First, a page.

Another optical fiber 20 is illustrated in FIG. 1, passing between proximal members 22A and 22B near the input end 27 of elongate body 12, and being centrally disposed relative to fibers 16, 17 and 18 near the internal output end 19 (FIG. 2) of elongate body 12 as shown in FIG. 3. Optical fiber 20 is illustrated as a power erbium fiber that is structured to fit inside elongate body 12, although optical fiber 20 may comprise other structures in modified embodiments. As partially shown in FIG. 2, fibers 16, 17, 18 and 20 may terminate at the internal output end 19 (FIG. 2) located inside the elongate body 12. At the internal output end 19 (FIG. 2), the fibers 16, 17, 18, and 20 can be arranged in a plane to form a planar surface. In an example, the fibers can be cut and polished in the same plane and arranged to be maintained in a substantially fixed position relative to one another and the handpiece 100. For example, tubing, such as metal tubing, can be used both at the inside of elongate body 12 and outside of elongate body 12 to keep part, and preferably all, of the fibers 16, 17, 18 and 20 in a fixed, straight position.

At the input end 27, or proximal end P as illustrated in FIG. 1, fibers 16 and 17 of respective proximal members 22A and 22B are configured to receive and transmit light from, for example, a laser and/or an LED, and/or, in alternative embodiments, a lamp. As presently embodied, blue light 70, for example blue light generated by one or more blue light LEDs, is received by proximal members 22A and 22B. In the illustrated embodiment, two blue light LEDs are used as a source of blue light for transmission through fibers 16 and 17, each LED generating, for example, electromagnetic energy at a wavelength of about 470 nanometers (nm) and a power level of about 200 milliwatts (mW) either in a continuous wave (CW) or pulsed mode. Blue light can be particularly useful in curing dental composites, whitening teeth, and detecting caries, among other things, when the illumination device 10 is used for dental care and hygiene. Each of the proximal members 22A and 22B is illustrated as including an optional light altering element such as, for example, a shutter mechanism or filter 42 to influence, for example, the transmission of blue light from the LEDs. In the illustrated embodiment, each shutter mechanism or filter 42 is structured to convert blue light into white, or any other visible light. This conversion may be accomplished by using or placing phosphoric filters in front of each of the proximal members 22A and 22B.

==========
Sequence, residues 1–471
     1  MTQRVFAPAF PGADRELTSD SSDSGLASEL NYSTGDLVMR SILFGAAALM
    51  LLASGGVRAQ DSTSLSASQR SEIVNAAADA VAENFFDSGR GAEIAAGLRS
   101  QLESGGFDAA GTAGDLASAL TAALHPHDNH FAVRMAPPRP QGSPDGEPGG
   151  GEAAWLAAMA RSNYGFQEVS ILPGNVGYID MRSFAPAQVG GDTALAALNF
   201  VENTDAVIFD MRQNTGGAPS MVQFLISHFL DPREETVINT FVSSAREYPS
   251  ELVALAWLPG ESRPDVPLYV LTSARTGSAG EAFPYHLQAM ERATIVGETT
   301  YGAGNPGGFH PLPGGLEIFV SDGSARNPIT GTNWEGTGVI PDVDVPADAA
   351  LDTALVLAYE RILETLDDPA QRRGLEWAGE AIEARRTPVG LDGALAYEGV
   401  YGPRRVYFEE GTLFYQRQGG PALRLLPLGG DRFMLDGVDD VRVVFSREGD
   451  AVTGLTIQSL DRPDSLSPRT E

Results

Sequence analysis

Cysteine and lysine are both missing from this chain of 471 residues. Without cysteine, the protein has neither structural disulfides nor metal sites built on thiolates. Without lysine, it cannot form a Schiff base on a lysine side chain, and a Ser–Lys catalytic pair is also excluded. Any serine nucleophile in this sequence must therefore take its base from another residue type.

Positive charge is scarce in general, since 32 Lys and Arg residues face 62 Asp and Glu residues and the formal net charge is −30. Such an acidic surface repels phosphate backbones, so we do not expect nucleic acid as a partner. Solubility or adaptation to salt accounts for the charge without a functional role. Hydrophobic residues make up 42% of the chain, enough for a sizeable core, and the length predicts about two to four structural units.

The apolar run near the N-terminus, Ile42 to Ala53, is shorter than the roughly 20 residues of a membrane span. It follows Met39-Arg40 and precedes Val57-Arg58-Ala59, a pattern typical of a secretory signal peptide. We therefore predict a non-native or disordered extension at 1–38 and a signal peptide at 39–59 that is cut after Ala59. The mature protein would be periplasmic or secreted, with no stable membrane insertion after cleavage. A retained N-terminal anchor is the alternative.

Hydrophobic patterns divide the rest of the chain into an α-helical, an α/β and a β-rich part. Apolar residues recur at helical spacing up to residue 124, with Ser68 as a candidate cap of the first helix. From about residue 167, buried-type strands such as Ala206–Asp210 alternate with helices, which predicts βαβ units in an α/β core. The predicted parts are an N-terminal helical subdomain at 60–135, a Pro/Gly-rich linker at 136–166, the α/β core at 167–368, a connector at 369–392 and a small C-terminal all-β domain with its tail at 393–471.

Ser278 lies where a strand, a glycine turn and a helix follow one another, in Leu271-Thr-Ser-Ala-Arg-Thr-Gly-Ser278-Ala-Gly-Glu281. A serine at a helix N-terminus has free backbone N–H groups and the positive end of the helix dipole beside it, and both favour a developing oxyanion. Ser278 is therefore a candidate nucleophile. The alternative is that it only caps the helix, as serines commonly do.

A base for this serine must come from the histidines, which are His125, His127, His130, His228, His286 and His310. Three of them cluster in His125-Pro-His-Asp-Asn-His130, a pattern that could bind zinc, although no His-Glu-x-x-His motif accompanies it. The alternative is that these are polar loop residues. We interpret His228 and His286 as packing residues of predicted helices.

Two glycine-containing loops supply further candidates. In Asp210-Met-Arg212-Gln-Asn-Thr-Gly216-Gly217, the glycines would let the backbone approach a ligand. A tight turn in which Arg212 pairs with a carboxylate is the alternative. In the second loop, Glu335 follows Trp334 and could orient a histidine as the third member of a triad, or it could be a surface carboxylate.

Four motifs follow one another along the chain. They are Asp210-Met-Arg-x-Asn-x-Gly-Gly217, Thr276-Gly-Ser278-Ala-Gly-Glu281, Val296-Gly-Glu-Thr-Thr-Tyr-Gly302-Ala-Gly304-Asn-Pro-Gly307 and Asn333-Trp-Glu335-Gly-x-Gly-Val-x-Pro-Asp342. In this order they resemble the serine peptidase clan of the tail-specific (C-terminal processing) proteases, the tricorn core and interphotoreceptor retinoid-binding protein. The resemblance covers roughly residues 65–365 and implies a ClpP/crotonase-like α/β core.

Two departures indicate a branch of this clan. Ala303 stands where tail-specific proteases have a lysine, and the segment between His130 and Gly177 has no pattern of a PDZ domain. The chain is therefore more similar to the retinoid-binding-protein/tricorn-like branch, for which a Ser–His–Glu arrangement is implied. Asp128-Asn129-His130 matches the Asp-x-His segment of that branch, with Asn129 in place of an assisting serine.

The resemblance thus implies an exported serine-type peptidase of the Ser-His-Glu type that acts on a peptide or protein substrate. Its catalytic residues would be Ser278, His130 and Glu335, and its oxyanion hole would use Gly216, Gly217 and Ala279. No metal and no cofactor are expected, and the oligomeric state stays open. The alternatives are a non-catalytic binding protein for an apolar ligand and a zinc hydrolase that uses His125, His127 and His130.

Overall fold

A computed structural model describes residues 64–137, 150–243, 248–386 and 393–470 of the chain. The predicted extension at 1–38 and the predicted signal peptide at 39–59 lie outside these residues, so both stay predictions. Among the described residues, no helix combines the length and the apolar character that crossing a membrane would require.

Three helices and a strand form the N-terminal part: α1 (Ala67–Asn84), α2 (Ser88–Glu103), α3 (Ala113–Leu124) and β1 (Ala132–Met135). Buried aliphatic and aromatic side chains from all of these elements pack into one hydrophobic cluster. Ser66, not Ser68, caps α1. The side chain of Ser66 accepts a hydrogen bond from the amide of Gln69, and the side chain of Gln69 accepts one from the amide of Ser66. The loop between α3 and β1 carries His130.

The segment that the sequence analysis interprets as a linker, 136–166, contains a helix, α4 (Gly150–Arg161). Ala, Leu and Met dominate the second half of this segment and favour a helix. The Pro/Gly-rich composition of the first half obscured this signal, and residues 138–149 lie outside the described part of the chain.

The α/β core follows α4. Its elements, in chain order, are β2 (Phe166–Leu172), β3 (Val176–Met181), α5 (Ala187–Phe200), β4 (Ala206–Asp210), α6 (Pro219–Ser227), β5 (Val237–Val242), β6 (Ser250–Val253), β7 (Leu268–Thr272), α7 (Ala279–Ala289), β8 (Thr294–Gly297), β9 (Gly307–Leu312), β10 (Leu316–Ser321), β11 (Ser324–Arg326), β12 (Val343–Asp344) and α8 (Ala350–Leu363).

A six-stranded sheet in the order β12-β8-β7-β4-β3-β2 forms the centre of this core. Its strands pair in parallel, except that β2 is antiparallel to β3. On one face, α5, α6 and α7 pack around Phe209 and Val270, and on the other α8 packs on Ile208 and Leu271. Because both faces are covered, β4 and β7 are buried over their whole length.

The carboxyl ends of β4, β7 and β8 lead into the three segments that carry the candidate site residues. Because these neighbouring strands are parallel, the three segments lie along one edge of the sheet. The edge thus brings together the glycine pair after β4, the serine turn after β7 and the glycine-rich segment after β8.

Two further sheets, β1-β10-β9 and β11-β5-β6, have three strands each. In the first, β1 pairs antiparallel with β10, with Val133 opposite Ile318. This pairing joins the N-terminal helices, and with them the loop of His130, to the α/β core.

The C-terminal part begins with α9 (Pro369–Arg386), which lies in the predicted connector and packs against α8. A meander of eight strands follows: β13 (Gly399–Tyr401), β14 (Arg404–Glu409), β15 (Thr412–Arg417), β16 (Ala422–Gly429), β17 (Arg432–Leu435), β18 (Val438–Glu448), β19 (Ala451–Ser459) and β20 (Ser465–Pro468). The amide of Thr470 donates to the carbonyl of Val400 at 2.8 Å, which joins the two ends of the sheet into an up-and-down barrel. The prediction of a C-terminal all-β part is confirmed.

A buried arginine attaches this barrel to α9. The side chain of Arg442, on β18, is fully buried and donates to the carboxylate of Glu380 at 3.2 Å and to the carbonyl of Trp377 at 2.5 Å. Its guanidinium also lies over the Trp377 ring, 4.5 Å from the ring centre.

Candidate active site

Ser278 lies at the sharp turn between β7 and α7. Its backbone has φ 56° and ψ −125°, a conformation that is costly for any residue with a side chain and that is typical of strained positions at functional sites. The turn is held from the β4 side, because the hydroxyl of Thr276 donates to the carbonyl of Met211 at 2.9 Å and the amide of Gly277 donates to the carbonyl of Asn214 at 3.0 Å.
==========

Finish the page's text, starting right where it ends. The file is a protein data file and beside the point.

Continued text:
Proximal member 22C is configured to accommodate the six smaller optical fibers 18, as described above. In the illustrated embodiment, optical fibers 18 are configured to collect or receive reflected and scattered light 64 (FIG. 2) from a treatment output end 102 of handpiece 100 and to guide the reflected and scattered light 64 back toward the input end 27 (FIG. 1). The reflected and/or scattered light can be used as a feedback signal 66, which can be passed to a sensor or other suitable device for analysis. The feedback signal 66 may be used, for example, by a microprocessor, to detect damage of an optical surface (e.g., a red light beam used for aiming may scatter and reflect back) or fluorescence of dental material (e.g., caries, bacteria, demineralization, and the like), among other things. Use of the feedback signal 66 in detection of dental caries is described in co-pending U.S. Provisional Application No. 60/601,437, filed Aug. 12, 2004 and entitled CARIES DETECTION USING TIMING DIFFERENTAILS BETWEEN EXCITATION AND RETURN PULSES.

The optical fiber 20, which may be an erbium fiber or other suitable laser emitting fiber, can be inserted into elongate body 12 such that a distal end of optical fiber 20 is co-planar (cf. plane coincident with phantom line E-E′ of FIG. 2) with fibers 16, 17 and 18 at distal end D of illumination device 10. In the illustrated embodiment, optical fiber 20 is centrally disposed along a central longitudinal axis of elongate body 12, as shown in FIGS. 2 and 3. In the illustrated configuration, fibers 16, 17 and 18 are perimetrically disposed around optical fiber 20, at least at the distal end D of illumination device 10. The concentric configuration of fibers 16, 17, 18 and 20 can be maintained for any desired distance of elongate body 12. In the illustrated embodiment, the concentric configuration is maintained until a region, (e.g., proximal portion 26) where proximal members 22A, 22B, and 22C split from elongate body 12.